learn to see from your one eye with the best or the strengths in the Indigenous knowledges and ways of knowing… and learn to see from your other eye with the best or the strengths in the mainstream (Western or Eurocentric) knowledges and ways of knowing… but most importantly, learn to see with both these eyes together, for the benefit of all

— Mi’kmaq Elder Albert Marshall
Two-Eyed Seeing (pdf) from the Institute of Integrative Science and Health

The Two-Eyed Seeing article goes on to say,

Two-Eyed Seeing adamantly, respectfully, and passionately asks that we bring together our different ways of knowing to motivate people, Indigenous and non-indigenous alike, to use all our understandings so we can leave the world a better place and not compromise the opportunities for our youth (in the sense of Seven Generations) through our own inaction.

Here’s the connection that’s becoming clearer for me as I compare my new Indigenous seeing with my much longer experiences with Western models of learning.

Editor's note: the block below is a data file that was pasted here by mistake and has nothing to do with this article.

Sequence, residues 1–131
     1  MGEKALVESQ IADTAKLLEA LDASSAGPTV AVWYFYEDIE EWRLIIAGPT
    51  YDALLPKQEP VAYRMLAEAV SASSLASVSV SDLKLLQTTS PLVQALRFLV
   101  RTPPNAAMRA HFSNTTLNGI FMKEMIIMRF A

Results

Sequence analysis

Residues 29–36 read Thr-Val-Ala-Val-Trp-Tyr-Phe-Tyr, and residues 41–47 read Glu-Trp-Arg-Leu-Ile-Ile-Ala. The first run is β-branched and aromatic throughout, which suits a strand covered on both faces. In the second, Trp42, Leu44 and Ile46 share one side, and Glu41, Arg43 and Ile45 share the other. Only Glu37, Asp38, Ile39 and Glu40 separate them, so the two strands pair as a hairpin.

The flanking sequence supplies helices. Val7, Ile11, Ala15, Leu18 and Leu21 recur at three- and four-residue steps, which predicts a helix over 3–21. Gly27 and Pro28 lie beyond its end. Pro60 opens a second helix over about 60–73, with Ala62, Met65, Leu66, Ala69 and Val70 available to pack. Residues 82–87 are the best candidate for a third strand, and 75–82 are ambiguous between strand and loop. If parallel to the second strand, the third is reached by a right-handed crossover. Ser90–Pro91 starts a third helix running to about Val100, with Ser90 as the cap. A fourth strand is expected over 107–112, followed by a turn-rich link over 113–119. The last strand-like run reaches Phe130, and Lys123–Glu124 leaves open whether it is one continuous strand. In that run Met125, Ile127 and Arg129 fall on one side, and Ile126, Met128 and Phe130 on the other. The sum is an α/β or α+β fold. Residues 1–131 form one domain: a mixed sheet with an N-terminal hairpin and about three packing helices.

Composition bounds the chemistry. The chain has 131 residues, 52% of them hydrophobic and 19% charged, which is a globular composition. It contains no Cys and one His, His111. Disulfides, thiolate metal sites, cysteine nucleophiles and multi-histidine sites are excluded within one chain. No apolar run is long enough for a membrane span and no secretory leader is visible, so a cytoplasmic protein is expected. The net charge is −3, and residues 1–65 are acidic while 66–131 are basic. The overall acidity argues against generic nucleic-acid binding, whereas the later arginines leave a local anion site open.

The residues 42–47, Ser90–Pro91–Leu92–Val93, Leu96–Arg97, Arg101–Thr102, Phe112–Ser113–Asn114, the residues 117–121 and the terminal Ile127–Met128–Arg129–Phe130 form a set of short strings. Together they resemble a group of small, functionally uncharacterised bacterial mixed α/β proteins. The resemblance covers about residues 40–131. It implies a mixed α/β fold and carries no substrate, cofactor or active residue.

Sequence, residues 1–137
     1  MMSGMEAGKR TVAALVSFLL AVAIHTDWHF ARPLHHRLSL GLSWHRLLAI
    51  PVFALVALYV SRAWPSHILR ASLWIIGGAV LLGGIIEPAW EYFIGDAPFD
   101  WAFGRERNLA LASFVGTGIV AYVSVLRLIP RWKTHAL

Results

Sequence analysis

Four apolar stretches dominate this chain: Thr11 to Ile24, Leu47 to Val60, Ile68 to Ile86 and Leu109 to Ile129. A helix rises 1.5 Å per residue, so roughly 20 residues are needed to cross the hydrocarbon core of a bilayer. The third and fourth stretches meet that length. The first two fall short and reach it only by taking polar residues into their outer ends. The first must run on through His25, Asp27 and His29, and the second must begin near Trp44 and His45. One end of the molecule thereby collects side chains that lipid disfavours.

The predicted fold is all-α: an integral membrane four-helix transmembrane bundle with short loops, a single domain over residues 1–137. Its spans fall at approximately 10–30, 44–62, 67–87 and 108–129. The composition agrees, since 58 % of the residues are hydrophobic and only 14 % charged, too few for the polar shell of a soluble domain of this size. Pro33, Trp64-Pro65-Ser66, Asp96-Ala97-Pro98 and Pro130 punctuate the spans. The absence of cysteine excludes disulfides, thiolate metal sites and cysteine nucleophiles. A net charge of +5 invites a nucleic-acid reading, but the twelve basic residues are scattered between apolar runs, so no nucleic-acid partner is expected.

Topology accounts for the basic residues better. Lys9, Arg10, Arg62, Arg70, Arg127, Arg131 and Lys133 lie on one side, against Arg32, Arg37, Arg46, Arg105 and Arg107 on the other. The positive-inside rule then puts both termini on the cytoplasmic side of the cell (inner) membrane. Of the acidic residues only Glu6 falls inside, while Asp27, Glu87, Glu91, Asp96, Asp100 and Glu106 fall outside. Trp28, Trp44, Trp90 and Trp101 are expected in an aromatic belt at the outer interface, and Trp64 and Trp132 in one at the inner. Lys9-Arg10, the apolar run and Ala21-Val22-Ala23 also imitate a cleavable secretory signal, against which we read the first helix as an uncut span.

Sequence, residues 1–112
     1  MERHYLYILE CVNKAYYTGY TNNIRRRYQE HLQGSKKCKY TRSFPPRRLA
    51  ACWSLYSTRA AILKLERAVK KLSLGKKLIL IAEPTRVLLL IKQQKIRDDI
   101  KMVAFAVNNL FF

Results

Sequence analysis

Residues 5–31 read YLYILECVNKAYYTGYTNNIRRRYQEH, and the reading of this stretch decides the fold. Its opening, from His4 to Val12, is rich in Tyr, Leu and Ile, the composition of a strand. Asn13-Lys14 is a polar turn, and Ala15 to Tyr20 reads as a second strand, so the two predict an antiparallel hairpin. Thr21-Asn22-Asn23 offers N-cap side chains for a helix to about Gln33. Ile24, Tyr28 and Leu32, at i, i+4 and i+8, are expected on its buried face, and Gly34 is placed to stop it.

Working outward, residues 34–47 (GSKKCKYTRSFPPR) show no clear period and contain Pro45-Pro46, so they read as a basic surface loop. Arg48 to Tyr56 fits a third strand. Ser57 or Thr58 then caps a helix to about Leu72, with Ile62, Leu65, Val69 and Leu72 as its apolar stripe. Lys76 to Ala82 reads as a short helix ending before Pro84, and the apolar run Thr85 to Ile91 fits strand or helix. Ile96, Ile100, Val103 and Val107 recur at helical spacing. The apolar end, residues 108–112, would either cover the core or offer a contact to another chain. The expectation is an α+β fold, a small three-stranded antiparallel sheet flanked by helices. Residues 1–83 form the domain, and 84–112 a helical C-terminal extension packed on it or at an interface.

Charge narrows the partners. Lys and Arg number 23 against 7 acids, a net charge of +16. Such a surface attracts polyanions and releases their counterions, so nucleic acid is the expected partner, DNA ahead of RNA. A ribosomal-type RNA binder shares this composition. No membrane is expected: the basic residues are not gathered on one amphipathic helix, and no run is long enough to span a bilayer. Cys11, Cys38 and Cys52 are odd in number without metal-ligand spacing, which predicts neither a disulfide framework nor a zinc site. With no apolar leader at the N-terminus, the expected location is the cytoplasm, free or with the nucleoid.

Most teaching in #HigherEd follows the transmission model: an expert stands at the front of the classroom and talks (and talks and talks and talks.) They fill the students heads with knowledge (the “students-as-empty-vessels” mindset.) While I fully advocate for short mini-lectures where instructors can model expert-like habits of thinking or share their unique experiences, we know teaching strategies based on the constructivist model of learning are more effective. That’s where the course instructor provides content, structure, and active learning opportunities for each student to construct their own knowledge, integrating new concepts and skills into their existing knowledge. We know this approach is even more effective when students work with others, helping each other build their understanding. That’s the social constructivist model.